DETROIT — Comerica Bank’s Michigan Economic Activity Index increased in April to a level of 119.0.
The index is comprised of nine variables — nonfarm payroll employment, continuing claims for unemployment insurance, house prices, vehicle assemblies, state trade, hotel occupancy, state sales tax revenues, housing starts, and industrial electricity demand.
Of the index items, seven were positive — payrolls, unemployment claims, house prices, vehicle assemblies, state trade, hotel occupancy, and state sales tax revenues. Two were negative — housing starts and industrial electricity demand.
It was the second straight monthly gain for the index, which stalled from December through February. Looking ahead, Comerica officials said they have noted a sharp drop in vehicle assemblies in May, indicating this could become a drag on the Michigan index this summer. Also, they said in a press release, trade actions by the United States and retaliations by trading partners “have increased uncertainty for many Michigan businesses. Some businesses are responding by reducing borrowing and delaying investment. This could also weigh on hiring.”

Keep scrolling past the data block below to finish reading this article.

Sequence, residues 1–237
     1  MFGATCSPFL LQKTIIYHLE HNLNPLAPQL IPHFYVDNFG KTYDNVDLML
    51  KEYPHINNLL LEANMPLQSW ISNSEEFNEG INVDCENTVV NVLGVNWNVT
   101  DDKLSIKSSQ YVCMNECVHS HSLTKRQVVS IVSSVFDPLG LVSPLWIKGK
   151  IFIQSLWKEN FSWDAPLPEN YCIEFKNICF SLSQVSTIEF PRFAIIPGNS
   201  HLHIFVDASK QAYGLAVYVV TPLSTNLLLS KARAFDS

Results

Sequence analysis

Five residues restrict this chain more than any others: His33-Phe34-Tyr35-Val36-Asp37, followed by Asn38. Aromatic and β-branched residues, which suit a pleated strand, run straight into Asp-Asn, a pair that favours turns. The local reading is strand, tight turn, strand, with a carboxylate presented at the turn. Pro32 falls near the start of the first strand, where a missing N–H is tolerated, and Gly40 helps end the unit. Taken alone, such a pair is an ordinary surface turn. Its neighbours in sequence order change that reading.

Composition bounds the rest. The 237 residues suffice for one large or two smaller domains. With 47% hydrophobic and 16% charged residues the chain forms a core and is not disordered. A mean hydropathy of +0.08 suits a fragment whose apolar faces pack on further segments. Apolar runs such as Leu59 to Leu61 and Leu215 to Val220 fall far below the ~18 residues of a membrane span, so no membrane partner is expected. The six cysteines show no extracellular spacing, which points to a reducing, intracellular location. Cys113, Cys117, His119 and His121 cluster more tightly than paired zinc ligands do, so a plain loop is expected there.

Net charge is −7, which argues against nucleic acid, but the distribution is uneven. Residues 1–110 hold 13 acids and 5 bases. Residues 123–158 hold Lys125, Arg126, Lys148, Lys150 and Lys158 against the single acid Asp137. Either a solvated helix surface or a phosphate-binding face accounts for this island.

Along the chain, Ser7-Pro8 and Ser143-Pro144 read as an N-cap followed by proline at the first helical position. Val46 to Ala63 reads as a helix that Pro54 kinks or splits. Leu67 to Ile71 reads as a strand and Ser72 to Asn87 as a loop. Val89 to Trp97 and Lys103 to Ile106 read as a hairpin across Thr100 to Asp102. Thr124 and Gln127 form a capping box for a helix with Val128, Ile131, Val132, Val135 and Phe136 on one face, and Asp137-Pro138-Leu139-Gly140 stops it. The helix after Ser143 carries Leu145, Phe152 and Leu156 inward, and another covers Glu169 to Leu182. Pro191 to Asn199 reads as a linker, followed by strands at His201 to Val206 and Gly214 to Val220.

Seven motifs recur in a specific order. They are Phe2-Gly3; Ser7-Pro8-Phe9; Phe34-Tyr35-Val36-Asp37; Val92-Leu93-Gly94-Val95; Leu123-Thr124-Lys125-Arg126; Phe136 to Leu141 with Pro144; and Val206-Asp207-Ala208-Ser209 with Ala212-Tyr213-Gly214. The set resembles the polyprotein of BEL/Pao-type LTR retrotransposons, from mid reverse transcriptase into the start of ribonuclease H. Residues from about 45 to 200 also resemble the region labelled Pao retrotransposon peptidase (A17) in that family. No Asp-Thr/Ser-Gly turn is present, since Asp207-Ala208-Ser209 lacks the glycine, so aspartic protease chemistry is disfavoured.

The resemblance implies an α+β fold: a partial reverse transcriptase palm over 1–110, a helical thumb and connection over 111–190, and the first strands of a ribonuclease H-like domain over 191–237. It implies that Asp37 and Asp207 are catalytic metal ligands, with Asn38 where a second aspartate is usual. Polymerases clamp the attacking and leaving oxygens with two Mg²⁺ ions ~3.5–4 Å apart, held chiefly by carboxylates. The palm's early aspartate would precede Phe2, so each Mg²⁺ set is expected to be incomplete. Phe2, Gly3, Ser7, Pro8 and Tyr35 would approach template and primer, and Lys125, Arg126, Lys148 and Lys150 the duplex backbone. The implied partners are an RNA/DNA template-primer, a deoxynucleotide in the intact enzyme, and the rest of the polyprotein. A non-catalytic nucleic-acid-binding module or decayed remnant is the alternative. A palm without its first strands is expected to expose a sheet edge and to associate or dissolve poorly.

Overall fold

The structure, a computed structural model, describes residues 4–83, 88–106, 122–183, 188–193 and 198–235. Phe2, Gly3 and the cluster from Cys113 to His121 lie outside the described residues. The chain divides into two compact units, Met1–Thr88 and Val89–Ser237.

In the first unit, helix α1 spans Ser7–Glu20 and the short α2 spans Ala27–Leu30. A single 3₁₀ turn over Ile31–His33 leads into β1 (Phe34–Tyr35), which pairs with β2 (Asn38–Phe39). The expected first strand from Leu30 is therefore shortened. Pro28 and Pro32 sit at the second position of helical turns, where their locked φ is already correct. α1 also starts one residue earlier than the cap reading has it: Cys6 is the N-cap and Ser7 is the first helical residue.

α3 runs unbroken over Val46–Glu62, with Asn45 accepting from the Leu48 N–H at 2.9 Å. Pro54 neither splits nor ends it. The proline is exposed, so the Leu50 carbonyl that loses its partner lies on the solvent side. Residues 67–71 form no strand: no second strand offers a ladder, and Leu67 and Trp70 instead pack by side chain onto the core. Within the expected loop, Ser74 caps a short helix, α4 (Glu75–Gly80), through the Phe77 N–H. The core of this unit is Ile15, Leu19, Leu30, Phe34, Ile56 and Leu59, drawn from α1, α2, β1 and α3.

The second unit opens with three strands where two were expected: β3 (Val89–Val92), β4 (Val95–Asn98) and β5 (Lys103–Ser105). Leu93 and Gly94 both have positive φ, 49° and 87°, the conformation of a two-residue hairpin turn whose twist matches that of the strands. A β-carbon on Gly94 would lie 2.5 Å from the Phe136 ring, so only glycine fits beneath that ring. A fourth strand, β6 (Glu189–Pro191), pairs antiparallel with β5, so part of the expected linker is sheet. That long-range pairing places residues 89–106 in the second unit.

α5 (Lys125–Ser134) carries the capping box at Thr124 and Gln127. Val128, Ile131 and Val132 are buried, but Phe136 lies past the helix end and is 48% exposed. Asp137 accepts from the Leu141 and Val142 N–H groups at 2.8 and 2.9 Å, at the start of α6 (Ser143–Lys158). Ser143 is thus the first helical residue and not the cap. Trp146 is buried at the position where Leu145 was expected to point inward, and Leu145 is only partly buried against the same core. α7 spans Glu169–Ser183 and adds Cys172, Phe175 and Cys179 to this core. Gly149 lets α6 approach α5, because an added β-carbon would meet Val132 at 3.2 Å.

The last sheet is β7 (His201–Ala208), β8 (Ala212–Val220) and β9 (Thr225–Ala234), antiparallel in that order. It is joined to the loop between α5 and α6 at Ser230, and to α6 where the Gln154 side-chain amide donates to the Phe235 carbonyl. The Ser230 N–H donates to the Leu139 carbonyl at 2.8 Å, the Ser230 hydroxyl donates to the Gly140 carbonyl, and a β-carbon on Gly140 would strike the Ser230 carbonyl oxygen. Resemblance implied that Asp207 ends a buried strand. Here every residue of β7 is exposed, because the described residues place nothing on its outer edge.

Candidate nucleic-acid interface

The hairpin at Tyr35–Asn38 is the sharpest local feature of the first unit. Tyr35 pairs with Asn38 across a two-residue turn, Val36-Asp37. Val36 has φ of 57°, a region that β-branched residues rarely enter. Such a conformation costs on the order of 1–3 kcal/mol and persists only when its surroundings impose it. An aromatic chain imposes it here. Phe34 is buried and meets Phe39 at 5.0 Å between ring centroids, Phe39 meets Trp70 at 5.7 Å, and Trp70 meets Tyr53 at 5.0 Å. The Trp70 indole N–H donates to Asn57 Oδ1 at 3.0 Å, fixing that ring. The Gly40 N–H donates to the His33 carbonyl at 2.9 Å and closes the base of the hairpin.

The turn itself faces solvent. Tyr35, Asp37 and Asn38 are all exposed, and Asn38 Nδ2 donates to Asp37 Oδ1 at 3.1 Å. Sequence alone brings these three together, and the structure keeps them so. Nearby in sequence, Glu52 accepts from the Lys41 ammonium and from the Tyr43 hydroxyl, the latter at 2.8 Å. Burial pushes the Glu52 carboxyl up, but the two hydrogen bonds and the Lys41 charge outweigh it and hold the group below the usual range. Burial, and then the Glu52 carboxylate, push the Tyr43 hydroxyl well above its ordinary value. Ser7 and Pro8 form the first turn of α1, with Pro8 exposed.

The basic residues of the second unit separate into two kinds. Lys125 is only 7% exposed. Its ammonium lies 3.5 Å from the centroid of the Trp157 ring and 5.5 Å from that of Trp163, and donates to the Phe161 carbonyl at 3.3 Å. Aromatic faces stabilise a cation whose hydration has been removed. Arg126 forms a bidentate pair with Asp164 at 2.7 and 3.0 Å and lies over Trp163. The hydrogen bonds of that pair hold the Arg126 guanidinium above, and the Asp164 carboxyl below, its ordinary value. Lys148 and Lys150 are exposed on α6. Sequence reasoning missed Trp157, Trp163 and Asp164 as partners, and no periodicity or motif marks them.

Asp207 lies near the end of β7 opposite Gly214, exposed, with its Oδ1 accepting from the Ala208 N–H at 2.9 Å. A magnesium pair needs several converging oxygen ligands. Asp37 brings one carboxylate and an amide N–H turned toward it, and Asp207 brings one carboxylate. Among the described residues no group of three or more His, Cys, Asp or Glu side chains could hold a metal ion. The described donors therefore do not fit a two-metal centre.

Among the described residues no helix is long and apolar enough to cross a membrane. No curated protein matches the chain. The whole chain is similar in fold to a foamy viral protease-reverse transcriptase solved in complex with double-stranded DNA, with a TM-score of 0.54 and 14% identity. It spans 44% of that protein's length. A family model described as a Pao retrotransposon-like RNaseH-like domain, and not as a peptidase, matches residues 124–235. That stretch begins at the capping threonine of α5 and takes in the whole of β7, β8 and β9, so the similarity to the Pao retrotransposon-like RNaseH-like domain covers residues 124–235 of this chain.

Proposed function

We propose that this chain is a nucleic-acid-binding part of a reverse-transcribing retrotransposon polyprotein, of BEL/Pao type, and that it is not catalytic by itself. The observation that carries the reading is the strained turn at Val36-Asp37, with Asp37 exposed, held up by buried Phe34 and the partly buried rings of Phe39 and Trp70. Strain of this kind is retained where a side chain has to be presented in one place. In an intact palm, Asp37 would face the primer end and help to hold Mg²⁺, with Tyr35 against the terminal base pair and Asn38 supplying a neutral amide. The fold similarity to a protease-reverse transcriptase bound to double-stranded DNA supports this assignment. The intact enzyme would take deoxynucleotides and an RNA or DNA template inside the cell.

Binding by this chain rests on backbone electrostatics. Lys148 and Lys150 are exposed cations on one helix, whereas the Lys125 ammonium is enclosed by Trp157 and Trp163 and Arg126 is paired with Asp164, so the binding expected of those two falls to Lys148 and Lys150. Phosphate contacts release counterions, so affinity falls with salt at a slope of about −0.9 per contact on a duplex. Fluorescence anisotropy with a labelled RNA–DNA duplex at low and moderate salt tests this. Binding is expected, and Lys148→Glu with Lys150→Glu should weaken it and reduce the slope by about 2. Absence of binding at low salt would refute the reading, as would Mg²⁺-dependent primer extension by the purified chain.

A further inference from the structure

Higher gasoline prices were also described as a negative for Michigan’s auto industry — up 60 cents a gallon from a year ago.
April’s reading is 21 points, or 22 percent, above the index cyclical low of 97.9, reached at the bottom of the last recession. The index averaged 118.2 points for all of 2017, one point above the index average for 2016. March’s index reading was revised to 118.7.
All data in the index are seasonally adjusted. Nominal values have been converted to constant dollar values. Index levels are expressed in terms of three-month moving averages.
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